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dc.contributor.authorSamonte, Giselle P. B.
dc.date.accessioned2019-03-24T05:52:32Z
dc.date.accessioned2021-01-05T01:36:11Z
dc.date.available2019-03-24T05:52:32Z
dc.date.available2021-01-05T01:36:11Z
dc.date.issued1992
dc.identifier.citationSamonte, G. P. B. (1992). Oyster and mussel farming in Western Visayas, Philippines. Naga, 15(3), 46-48.en
dc.identifier.urihttps://hdl.handle.net/20.500.12348/3023
dc.description.abstractThe slipper oyster (talaba) and the green mussel (tahong) are the only mollusc species farmed in the Philippines. They are farmed for their meat, and consumption is mainly for the domestic market. The Western Visayas region, situated in central Philippines (Fig. 1), is one of the major sources of oysters and mussels. Natural population of oysters and mussels along rivers and bays and the need to augment income from fishing have led to the proliferation of oyster and mussel farms. Their farming started as early as the 1950s. Today, an estimated 2,000 coastal families engage in mollusc farming in the region.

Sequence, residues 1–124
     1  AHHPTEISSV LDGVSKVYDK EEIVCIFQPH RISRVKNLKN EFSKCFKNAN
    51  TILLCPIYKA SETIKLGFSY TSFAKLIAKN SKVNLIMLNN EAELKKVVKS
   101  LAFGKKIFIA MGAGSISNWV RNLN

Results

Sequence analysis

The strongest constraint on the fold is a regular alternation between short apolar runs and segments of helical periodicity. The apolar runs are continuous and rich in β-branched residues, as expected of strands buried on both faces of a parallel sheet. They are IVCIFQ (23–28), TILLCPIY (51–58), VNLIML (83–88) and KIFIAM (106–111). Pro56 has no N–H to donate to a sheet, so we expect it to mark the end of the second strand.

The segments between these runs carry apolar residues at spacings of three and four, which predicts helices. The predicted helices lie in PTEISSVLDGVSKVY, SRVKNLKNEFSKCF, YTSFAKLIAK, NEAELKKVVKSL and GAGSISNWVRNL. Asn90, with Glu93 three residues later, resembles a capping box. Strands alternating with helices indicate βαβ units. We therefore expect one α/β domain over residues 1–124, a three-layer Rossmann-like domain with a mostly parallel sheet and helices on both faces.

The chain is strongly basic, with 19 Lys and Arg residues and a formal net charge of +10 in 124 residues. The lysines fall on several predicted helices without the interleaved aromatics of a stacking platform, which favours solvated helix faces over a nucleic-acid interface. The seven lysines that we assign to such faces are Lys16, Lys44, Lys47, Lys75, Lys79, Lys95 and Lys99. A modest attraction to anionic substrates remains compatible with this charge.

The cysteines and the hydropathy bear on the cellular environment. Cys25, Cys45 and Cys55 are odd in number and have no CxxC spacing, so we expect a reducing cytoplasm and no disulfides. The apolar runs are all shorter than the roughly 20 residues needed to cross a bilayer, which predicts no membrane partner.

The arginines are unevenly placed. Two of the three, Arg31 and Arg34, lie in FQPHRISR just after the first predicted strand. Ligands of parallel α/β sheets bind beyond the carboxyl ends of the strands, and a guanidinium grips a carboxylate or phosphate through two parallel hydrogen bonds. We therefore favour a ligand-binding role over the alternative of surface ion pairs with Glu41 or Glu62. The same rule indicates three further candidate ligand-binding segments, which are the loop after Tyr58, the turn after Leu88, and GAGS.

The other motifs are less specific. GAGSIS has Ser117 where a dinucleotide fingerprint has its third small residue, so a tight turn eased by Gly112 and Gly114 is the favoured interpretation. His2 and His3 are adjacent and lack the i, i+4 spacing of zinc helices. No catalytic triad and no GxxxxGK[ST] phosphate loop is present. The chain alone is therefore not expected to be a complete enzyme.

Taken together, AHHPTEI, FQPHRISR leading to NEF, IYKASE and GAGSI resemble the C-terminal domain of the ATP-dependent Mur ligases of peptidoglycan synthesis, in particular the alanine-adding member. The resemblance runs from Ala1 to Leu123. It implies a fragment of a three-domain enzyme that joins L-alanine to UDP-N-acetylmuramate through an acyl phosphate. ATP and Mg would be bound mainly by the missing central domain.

dc.language.isoenen
dc.publisherInternational Center for Living Aquatic Resources Management
dc.subjectOystersen
dc.subjectMusselsen
dc.subjectShellfishen
dc.titleOyster and mussel farming in Western Visayas, Philippinesen
dc.typemagazineArticleen
dc.citation.volume15
dc.citation.issue3
dc.citation.spage46
dc.citation.epage48
dc.citation.journalTitleNaga
dc.subject.asfaOyster cultureen
dc.subject.asfaMussel cultureen
dc.subject.asfaShellfish cultureen


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